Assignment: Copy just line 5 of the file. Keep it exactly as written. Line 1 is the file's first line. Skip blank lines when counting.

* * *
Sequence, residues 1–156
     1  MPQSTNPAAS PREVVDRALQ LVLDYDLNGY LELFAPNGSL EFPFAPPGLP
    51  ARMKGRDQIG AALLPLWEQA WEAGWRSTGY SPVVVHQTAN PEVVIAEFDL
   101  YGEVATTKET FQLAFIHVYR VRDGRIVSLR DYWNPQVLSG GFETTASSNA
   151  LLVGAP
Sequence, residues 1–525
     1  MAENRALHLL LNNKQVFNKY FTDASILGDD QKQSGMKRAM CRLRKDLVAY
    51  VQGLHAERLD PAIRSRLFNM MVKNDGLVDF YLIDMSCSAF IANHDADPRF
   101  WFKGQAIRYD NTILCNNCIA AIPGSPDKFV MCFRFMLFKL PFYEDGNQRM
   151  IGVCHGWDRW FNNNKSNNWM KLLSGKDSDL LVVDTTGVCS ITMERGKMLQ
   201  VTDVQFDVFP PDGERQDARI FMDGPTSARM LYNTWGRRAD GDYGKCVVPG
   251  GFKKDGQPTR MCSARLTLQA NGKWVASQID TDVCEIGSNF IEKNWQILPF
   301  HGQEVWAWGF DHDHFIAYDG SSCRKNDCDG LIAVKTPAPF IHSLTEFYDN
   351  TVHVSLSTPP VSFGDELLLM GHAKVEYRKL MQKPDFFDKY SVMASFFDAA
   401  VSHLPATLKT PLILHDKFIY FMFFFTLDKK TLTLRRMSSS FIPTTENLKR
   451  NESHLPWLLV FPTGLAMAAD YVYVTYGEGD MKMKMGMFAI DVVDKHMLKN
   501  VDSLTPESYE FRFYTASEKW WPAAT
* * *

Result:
   151  LLVGAP